Tip Jars in Need of Change: The Case for Reforming Employee Tip Regulations in the Fair Labor Standards Act
25 Pages Posted: 24 Jun 2019
Date Written: June 11, 2019
On a daily basis, customers across the United States place food orders from a restaurant by ordering over the phone, online, or through a smartphone application, and later picking up their order at the restaurant. While paying for their order, customers are often presented with the option of either placing cash into a tip jar or adding a tip onto their order by writing in an additional amount on their credit card receipt. Assuming they are satisfied with their experience, customers will almost always leave a tip — never thinking twice about where the tip actually goes. Customers are not tipping a specific person because they were not served by any particular waiter, and they do not know the identity of the kitchen staff who prepared their meal. But who gets the undesignated tip left by the customer?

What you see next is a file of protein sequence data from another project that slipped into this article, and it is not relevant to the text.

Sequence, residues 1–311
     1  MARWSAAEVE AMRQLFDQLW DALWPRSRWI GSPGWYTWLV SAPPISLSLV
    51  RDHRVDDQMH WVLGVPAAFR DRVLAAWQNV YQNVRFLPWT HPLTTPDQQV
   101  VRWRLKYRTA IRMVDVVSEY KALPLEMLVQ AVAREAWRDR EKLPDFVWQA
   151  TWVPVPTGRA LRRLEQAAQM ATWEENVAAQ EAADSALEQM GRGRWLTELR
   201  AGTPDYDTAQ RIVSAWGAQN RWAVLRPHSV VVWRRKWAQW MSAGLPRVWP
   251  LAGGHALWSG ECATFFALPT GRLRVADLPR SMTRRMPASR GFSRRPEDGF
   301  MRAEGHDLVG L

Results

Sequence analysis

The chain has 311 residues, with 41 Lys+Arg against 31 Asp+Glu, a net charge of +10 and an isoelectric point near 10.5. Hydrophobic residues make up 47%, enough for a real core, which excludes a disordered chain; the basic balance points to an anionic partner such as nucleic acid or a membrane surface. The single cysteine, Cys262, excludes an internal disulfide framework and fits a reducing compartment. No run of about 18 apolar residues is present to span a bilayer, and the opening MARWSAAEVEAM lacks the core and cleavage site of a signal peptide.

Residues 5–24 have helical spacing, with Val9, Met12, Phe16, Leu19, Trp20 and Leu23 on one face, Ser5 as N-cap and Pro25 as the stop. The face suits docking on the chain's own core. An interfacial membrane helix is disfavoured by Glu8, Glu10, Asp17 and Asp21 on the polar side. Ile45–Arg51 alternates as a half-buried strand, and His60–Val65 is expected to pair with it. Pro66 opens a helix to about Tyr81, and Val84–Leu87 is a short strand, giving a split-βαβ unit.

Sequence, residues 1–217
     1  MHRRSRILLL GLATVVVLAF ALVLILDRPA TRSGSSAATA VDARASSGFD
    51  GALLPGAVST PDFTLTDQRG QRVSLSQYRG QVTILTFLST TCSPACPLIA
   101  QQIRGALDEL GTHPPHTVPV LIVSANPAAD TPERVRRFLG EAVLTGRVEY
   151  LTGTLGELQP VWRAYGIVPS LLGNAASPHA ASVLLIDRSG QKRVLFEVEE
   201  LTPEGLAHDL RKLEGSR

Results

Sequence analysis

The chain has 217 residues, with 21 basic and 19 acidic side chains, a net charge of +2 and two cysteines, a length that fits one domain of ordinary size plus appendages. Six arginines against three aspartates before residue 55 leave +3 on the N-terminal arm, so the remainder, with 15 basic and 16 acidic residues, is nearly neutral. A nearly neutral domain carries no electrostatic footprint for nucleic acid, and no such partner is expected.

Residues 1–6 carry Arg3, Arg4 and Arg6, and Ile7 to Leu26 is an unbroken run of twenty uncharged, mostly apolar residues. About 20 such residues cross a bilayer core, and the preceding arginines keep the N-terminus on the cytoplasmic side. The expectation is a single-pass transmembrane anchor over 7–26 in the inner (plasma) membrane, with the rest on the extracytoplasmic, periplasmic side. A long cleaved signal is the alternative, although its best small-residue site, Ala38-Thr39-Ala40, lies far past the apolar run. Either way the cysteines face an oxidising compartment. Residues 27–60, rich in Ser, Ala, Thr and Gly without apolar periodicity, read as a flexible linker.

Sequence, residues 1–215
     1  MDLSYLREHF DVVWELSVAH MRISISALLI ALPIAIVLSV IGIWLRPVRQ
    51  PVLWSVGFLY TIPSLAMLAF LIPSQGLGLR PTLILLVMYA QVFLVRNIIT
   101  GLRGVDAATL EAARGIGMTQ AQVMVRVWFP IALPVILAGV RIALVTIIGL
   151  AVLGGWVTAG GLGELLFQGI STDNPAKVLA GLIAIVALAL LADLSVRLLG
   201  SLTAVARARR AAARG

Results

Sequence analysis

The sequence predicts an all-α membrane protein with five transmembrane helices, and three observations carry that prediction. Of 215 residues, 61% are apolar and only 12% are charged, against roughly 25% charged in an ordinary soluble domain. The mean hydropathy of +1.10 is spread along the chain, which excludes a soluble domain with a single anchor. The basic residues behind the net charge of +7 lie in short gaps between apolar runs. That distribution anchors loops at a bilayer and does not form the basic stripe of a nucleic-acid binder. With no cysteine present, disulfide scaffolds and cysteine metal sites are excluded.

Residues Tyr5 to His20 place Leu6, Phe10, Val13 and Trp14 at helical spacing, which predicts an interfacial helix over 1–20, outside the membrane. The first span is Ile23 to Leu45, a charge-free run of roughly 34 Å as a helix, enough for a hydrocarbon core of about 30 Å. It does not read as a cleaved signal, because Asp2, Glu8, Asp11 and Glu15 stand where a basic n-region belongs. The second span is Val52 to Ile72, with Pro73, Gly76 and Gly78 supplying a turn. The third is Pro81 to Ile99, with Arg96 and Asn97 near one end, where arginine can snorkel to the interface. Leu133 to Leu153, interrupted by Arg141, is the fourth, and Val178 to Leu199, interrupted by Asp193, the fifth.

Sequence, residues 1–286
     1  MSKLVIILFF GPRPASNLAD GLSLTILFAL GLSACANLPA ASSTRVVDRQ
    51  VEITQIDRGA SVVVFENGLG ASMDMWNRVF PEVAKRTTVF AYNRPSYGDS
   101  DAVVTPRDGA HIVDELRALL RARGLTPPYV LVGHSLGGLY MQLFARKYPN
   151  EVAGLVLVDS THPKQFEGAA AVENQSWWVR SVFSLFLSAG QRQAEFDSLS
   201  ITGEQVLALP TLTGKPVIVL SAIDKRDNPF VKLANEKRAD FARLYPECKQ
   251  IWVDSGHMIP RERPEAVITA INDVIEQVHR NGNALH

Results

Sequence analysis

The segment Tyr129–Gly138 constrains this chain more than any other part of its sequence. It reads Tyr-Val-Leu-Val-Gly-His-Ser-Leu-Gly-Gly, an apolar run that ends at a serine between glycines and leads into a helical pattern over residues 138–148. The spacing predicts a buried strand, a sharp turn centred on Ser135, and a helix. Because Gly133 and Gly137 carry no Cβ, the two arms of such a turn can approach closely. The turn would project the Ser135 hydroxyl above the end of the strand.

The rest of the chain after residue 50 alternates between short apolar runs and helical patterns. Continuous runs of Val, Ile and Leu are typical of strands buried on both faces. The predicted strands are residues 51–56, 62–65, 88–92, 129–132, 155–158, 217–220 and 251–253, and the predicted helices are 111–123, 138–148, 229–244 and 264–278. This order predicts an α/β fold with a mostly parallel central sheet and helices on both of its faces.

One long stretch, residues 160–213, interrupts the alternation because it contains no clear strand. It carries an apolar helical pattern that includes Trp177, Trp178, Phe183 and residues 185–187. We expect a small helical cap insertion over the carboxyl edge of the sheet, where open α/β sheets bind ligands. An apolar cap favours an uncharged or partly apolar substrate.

The answer to this seemingly simple question actually impacts a large sector of the American workforce. In 2016, over one million Americans were employed in a service occupation earning below the federal minimum wage of $7.25 per hour. Many of those employees earned the tipped minimum wage of just $2.13 per hour and had their wages supplemented in large part by customer tips, a significant portion of which were undesignated tips received from tip jars and carryout credit card receipts. Additionally, over 80% of those employees worked in restaurants and other food service establishments. Tipping also affects the roughly 700,000 food service establishments and thousands of other service industry businesses in the United States, who employ these individuals and bear much of the administrative burden associated with managing tips.
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